McKenzie came out of her room. She’s from Nebraska. She and Whitney are the wildest ones in our suite. They started sharing the jar, taking large gulps and walking around the living room, getting loud and rowdy. The doors to both entrances of the suite were closed, but anybody could have walked in and got them in trouble for having alcohol,

That’s how the trouble started. I hadn’t even said anything—just kind of looked at them as they took turns taking swigs—but then McKenzie wiped her mouth and suddenly pointed a finger toward me. “Careful, watch this one here—she’s a snitch.”

I’m no snitch, but I do speak up when something wrong happens. Collins is a dry campus, so alcohol is prohibited under all circumstances, even if you’re twenty-one; nobody in Canada suite is twenty-one, for the record. I was about to go into my room and get ready for bed. It was a Sunday night and I wanted to get some good rest for the week ahead.

So I said, “Dump that out before you guys get yourselves in trouble. I don’t want you two getting hurt or getting kicked off campus for something that’s so preventable.”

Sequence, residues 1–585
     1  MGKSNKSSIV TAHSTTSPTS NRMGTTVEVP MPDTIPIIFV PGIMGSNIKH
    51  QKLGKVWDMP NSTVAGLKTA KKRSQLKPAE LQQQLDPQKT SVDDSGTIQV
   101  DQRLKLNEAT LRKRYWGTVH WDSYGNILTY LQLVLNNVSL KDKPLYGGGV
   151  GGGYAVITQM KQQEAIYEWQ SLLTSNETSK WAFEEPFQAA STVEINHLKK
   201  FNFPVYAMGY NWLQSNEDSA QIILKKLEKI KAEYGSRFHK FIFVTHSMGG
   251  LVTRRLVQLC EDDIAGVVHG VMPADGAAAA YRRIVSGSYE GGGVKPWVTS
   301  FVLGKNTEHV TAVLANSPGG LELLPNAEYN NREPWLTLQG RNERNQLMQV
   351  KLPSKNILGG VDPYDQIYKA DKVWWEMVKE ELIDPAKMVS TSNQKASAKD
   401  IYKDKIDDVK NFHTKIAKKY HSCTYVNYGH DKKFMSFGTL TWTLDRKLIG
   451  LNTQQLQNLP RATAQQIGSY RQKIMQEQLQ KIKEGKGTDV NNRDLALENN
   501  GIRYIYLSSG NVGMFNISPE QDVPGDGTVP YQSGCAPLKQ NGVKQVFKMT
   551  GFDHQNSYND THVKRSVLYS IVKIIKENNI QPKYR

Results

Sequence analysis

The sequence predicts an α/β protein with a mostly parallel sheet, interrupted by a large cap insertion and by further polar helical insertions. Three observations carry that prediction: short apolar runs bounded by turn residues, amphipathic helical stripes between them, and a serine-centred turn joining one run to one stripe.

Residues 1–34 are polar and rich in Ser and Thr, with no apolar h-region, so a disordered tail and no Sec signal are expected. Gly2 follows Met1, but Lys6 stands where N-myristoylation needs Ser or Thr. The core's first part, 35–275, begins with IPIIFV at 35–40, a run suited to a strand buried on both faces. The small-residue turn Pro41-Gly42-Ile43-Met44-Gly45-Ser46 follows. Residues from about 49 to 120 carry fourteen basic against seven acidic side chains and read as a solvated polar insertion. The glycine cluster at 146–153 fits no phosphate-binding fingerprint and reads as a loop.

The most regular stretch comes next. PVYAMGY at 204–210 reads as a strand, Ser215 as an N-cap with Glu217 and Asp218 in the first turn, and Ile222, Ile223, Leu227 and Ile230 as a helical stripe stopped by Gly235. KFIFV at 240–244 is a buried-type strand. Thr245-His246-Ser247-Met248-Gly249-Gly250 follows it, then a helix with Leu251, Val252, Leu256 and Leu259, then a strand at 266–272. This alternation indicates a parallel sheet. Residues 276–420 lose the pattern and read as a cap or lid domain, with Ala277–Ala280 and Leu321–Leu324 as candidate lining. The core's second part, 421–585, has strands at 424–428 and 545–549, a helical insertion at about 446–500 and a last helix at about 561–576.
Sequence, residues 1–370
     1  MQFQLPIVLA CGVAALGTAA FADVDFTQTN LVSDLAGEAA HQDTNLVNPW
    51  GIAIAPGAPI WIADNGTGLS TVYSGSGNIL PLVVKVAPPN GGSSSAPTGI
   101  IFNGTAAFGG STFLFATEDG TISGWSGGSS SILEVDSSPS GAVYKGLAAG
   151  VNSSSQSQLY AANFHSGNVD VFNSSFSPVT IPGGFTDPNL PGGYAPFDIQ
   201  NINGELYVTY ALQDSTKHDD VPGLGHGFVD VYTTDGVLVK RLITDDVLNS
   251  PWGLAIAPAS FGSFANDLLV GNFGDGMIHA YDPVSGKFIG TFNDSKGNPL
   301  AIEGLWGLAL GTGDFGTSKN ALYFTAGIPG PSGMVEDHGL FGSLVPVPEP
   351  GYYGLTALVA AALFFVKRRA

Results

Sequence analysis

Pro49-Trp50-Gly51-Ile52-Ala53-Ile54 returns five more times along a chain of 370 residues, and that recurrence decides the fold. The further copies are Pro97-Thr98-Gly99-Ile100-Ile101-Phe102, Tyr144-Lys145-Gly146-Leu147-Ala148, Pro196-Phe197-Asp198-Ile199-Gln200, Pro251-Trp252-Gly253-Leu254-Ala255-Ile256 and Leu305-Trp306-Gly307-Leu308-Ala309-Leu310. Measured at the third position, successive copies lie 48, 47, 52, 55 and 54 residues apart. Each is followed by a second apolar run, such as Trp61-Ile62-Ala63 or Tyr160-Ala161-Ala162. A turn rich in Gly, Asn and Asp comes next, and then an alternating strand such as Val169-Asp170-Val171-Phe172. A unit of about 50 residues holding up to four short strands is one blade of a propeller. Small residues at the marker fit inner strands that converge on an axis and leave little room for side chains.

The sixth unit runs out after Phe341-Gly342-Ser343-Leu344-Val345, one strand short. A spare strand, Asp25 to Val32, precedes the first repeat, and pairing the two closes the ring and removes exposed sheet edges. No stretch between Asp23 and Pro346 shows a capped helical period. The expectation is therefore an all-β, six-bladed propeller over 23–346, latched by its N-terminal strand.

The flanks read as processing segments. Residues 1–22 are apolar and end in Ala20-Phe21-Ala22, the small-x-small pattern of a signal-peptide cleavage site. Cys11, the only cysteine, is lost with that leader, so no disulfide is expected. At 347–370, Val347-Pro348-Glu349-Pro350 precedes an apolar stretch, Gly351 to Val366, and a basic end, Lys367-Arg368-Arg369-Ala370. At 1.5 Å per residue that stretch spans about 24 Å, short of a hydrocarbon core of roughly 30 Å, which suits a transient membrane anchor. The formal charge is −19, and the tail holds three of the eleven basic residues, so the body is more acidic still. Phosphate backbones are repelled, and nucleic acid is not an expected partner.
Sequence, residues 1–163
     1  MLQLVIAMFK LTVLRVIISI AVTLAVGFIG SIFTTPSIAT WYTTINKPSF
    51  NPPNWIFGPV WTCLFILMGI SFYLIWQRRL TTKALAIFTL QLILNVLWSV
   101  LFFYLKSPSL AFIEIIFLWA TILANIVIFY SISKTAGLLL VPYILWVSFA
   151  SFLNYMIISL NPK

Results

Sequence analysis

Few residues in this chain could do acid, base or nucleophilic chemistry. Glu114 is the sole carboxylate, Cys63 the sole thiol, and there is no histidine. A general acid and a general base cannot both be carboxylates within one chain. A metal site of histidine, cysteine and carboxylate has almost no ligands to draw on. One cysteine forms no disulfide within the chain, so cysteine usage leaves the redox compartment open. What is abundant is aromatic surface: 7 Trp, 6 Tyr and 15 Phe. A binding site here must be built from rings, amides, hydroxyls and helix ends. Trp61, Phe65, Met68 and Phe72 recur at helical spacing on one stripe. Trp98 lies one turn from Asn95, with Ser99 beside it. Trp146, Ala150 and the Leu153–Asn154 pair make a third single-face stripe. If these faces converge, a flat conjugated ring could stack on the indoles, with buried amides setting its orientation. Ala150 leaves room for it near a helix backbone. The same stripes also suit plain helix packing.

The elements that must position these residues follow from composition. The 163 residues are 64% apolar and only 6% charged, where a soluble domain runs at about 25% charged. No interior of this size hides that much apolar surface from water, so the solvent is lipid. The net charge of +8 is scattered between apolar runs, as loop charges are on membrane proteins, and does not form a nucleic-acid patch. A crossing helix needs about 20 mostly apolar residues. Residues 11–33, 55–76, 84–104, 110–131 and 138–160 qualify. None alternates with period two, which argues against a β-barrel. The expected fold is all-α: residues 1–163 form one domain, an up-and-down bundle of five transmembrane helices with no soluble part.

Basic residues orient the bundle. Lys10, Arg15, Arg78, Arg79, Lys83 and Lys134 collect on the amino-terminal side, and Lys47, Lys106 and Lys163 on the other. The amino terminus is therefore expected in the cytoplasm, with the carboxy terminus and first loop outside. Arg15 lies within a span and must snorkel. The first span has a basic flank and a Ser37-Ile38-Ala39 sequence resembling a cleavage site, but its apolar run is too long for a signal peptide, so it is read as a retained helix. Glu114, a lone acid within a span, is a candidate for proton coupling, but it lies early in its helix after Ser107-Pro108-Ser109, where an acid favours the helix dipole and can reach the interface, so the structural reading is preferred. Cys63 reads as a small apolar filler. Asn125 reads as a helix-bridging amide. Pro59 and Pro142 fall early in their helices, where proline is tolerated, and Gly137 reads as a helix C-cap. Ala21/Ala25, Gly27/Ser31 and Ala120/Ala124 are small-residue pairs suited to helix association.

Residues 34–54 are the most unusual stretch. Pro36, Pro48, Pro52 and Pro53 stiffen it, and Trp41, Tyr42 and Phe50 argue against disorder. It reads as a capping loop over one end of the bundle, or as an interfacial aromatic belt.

“Fucking buzzkill,” Whitney replied in a slurred voice. “It’s so like me and my luck to be in a suite with a bunch of Bible-thumpers.”

I’m not a Bible-thumper; that’s McClain, who is actually very intelligent, a critical-thinker. I’m more of an atheist myself, but I do believe in strong morals.

But something awful happened after that. McKenzie called one of her friends from a different residence hall and told them to come over for a drink. Then she mentioned me on the phone and said they’d have to help “deal with” me.

So I got up from my chair. McClain immediately got up too, and then she reached forward and rubbed her hand across my backside. I felt her small soft palm through my shirt, it was that strong and meaningful.

“I think we should go for a walk,” she said, giving me a slight nudge toward the door. I followed her suggestion, and then we walked down the three flights of stairs and ended up in the pavilion outside.